Russia has called for the summit to concentrate on three major themes: energy security, infectious diseases and education. Igor Shuvalov, a top aide to President Vladimir Putin, said that the main political capital Moscow could gain from the summit would be the G-8 members' acceptance of Russia as an equal partner that shares their values even though it often disagrees with their approach.
He alluded to Russia's past conflicts with the West over Yugoslavia - where it was fiercely opposed to the NATO airstrikes - as well as Iraq, and said Moscow was often accused of being a spoiler just because it has a different understanding of the world, the AP reports.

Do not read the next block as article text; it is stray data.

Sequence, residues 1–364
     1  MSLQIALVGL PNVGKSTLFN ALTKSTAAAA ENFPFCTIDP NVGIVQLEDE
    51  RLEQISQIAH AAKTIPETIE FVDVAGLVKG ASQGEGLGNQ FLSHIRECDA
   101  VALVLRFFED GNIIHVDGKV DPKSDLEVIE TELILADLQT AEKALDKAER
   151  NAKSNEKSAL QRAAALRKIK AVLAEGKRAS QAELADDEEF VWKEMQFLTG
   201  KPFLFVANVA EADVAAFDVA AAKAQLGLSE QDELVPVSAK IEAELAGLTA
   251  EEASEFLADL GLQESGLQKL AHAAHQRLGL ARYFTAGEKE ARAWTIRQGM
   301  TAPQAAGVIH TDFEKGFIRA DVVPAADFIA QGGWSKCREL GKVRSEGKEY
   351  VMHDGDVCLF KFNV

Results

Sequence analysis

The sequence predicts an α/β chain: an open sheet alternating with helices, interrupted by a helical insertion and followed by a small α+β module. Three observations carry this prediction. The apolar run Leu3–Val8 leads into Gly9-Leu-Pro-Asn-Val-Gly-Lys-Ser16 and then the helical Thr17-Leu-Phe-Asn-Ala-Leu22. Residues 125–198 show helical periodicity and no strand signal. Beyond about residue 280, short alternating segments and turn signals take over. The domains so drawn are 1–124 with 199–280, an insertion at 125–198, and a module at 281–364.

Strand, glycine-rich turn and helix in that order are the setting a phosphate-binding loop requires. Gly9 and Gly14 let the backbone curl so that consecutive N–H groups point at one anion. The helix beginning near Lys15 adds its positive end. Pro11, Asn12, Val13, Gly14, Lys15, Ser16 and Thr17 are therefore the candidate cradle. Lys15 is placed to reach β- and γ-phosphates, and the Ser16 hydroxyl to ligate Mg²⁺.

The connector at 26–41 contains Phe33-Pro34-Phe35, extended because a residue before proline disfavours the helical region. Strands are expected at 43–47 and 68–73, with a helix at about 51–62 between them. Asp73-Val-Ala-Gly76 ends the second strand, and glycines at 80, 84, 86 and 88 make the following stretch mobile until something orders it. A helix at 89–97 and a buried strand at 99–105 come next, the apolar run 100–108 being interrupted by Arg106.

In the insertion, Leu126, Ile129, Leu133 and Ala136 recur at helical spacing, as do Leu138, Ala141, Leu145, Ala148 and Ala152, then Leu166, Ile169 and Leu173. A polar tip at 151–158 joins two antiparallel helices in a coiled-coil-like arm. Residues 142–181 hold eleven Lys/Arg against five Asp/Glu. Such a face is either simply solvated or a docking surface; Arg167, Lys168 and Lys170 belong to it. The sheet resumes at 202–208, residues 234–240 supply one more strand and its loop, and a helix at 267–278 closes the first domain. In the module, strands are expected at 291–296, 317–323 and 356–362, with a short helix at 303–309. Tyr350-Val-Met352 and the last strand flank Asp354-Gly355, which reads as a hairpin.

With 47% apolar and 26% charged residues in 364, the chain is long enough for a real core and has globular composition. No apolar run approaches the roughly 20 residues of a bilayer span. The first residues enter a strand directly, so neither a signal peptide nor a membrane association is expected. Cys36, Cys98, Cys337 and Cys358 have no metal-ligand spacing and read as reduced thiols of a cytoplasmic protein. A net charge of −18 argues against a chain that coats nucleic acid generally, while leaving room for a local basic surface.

He defended Russia's record on providing stable energy supplies in spite of allegations that it was using its huge gas and oil reserves to blackmail the West, and said the summit should open the way to a "new, long investment cycle" that would boost the availability of energy resources. He said Russia was so committed to meeting world demand for fossil fuels that it was planning construction of 40 new nuclear reactors at home to provide energy for domestic consumers.